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Monterey in Franklin County, Pennsylvania — The American Northeast (Mid-Atlantic)
 

The Battle of Monterey Pass

The Midnight Fight

 
 
The Battle of Monterey Pass - The Midnight Battle Marker image. Click for full size.
By Larry Gertner, May 13, 2019
1. The Battle of Monterey Pass - The Midnight Battle Marker
Inscription.  As the Union cavalry approached the newly established Confederate skirmish line, Captain Emack began receiving reinforcements. At the same time, Confederate General Grumble Jones arrived on the scene to assume command of the battlefield. He quickly ordered all available wounded men and staff officers into the fight.

Fighting was fierce in these woods. As Union troops moved through these woods, Confederate skirmishers concealed in the dense brush would fire at point blank range, killing or wounding the individual. A new battle line was being established at the Monterey Pass Tollhouse.

Other companies of the 1st Maryland Cavalry began racing up the mountain from the southwest to assist in the defense of the pass. Once this line was established, Captain Emack’s skirmishers, located in this area, slowly fell back towards the tollhouse, crossing the wooden bridge that spanned Red Run.

The last obstacle that stood between the Union cavalry and the Confederate battle line was Red Run, which was heavily contested for hours.

”Arriving, I found Captain G. M. Emack’s company of the Maryland Cavalry, with
To The Battle of Monterey Pass - The Midnight Battle Marker image. Click for full size.
By Larry Gertner, May 13, 2019
2. To The Battle of Monterey Pass - The Midnight Battle Marker
Rolando Woods Path to the left; continue straight up the Billy Yank Trail
one gun, opposed to a whole division of Federal cavalry with a full battery. This brave little band of heroes was encouraged with the hope of speedy reinforcements, reminded of the importance of their trust, and exhorted to fight to the bitter end rather than yield. All my couriers and all others with firearms were ordered to the front, directed to lie on the ground and be sparing of their ammunition. The last charge of grape was expended and the piece sent to the rear. For more than two hours, less than fifty men held many thousands in check, and the wagons continued to pass along as the balls were whistling in their midst.”

Brigadier General William Jones, Commanding
 
Location. 39° 44.351′ N, 77° 28.68′ W. Marker is in Monterey, Pennsylvania, in Franklin County. Marker can be reached from Charmian Road 0.1 miles east of Buchanan Trail East/Waynesboro Road (Pennsylvania Route 16), on the left when traveling east. Park at Rolando Woods Park. Touch for map. Marker is at or near this postal address: 9 Charmian Road, Waynesboro PA 17268, United States of America. Touch for directions.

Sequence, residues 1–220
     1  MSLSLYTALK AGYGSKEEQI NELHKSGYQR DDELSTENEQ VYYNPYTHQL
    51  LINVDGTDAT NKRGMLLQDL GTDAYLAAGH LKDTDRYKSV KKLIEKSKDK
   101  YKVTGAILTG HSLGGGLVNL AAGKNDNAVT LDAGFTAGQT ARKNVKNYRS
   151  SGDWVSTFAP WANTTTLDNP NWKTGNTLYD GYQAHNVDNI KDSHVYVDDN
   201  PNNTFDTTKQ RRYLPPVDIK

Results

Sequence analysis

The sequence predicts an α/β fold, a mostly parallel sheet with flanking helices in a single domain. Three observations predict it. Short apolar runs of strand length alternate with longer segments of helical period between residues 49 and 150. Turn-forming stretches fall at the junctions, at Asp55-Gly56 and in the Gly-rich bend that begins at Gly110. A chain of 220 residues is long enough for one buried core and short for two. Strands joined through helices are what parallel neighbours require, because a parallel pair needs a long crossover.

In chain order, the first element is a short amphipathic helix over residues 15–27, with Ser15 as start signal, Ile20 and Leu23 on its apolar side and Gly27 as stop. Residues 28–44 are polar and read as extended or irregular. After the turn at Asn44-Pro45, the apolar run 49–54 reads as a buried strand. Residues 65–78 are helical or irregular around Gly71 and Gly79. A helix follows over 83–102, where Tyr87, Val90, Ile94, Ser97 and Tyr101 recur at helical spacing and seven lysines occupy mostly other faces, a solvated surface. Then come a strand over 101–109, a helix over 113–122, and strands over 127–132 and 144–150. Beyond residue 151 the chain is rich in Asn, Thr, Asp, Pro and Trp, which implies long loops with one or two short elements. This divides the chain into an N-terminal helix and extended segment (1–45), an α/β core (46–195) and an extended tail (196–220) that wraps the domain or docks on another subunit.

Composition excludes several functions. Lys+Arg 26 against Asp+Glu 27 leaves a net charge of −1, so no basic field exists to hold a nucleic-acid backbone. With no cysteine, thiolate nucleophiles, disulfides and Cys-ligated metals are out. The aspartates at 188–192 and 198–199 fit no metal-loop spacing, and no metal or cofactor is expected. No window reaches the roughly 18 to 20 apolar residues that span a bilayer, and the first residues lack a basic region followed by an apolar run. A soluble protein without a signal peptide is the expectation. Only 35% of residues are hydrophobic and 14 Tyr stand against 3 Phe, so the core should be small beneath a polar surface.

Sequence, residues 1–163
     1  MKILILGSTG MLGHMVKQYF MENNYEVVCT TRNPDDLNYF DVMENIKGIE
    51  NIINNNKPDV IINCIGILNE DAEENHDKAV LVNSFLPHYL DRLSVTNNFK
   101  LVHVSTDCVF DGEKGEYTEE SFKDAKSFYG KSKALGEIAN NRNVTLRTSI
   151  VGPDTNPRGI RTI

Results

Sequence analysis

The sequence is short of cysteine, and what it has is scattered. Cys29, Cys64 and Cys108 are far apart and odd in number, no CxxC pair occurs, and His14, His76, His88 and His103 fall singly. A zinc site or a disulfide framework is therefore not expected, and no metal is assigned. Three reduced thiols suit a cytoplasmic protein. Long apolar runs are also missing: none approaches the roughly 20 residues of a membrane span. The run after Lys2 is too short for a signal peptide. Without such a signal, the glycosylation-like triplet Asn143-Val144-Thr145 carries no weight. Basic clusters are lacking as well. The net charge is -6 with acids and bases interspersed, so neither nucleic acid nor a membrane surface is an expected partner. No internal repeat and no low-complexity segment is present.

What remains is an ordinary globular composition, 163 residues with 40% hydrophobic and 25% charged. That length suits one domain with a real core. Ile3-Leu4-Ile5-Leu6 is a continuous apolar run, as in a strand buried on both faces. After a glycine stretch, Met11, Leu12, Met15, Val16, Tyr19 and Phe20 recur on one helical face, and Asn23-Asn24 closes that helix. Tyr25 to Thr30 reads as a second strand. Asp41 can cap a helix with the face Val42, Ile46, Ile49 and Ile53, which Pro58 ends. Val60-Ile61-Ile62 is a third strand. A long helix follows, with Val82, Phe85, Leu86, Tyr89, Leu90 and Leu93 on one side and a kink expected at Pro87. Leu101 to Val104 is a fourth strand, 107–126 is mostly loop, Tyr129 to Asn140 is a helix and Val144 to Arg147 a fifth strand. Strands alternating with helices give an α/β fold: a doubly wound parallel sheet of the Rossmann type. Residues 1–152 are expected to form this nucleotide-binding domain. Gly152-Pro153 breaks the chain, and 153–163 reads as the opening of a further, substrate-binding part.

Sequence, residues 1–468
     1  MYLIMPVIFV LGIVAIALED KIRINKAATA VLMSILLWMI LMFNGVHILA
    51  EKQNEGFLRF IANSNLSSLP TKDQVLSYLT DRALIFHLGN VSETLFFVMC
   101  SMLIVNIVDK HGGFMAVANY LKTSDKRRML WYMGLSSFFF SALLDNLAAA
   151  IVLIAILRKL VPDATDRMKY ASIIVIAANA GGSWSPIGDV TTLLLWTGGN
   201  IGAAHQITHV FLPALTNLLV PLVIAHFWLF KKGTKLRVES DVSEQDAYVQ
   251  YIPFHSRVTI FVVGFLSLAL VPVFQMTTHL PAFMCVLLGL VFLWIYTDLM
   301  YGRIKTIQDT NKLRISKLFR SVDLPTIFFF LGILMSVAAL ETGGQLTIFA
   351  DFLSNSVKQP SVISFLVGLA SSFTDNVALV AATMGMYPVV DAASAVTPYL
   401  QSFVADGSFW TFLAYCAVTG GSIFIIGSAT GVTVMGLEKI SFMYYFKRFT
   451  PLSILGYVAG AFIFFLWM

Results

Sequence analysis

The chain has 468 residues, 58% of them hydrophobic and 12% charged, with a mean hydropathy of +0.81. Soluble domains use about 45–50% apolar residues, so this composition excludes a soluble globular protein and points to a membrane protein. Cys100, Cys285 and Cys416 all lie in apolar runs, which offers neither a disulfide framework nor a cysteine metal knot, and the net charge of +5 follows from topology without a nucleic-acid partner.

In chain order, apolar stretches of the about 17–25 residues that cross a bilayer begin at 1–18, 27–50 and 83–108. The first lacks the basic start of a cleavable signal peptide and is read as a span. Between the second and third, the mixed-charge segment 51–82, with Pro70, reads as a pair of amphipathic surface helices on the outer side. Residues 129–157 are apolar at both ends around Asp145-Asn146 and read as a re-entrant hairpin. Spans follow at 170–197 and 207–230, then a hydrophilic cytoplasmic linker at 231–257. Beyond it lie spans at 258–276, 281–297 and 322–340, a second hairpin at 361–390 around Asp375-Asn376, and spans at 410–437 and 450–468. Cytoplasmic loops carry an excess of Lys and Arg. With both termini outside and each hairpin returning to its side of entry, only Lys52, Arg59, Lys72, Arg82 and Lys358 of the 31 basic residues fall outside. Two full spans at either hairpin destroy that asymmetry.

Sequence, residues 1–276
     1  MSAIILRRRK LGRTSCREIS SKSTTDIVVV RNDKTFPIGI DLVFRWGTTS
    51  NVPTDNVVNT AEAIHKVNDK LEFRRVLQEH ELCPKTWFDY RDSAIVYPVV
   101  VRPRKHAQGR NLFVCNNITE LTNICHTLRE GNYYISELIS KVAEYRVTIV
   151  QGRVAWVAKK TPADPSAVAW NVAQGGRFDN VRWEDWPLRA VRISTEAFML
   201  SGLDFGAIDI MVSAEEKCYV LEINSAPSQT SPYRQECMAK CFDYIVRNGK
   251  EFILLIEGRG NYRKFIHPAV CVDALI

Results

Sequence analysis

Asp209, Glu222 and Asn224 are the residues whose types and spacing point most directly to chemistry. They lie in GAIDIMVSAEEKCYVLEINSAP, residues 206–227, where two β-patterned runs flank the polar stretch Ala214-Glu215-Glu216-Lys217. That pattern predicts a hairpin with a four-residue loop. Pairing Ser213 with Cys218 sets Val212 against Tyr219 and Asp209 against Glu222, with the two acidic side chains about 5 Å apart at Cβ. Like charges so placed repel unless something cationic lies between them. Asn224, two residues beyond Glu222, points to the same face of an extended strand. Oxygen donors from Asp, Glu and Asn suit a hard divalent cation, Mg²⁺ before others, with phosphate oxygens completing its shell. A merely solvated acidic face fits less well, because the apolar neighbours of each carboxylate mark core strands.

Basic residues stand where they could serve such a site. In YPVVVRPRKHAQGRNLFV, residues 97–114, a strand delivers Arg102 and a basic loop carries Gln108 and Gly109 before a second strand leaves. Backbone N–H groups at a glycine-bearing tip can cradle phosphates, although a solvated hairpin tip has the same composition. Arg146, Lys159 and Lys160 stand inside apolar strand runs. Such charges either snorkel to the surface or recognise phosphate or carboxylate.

Other nearby markers. At least 8 other markers are within walking distance of this marker. 10,000 Soldiers Fight at Monterey Pass (about 300 feet away, measured in a direct line); a different marker also named The Battle of Monterey Pass (was about 300 feet away but has been reported missing. ); a different marker also named The Battle of Monterey Pass
To The Battle of Monterey Pass - The Midnight Battle Marker image. Click for full size.
By Larry Gertner, May 13, 2019
3. To The Battle of Monterey Pass - The Midnight Battle Marker
The marker is on the left about a third of the way along this trail.
(about 300 feet away); Before The Battle Of Gettysburg (about 300 feet away); The Retreat From Gettysburg (about 400 feet away); a different marker also named The Battle of Monterey Pass (about 400 feet away); The Underground Railroad (about 400 feet away); The Raid On Harpers Ferry (about 400 feet away). Touch for a list and map of all markers in Monterey.
 
More about this marker. Chronologically, the marker is third of a series on the Billy Yank Trail.
 
Categories. War, US Civil
 
Inset image. Click for full size.
By Larry Gertner, May 13, 2019
4. Inset
Situation map
Inset image. Click for full size.
By Larry Gertner, May 13, 2019
5. Inset
Captain George Emack, CSA - tenacious defender of the pass.
 

More. Search the internet for The Battle of Monterey Pass.
 
Credits. This page was last revised on July 8, 2019. This page originally submitted on June 28, 2019, by Larry Gertner of New York, New York. This page has been viewed 52 times since then. Last updated on June 29, 2019, by Larry Gertner of New York, New York. Photos:   1, 2, 3, 4, 5. submitted on June 28, 2019, by Larry Gertner of New York, New York. • Bernard Fisher was the editor who published this page.
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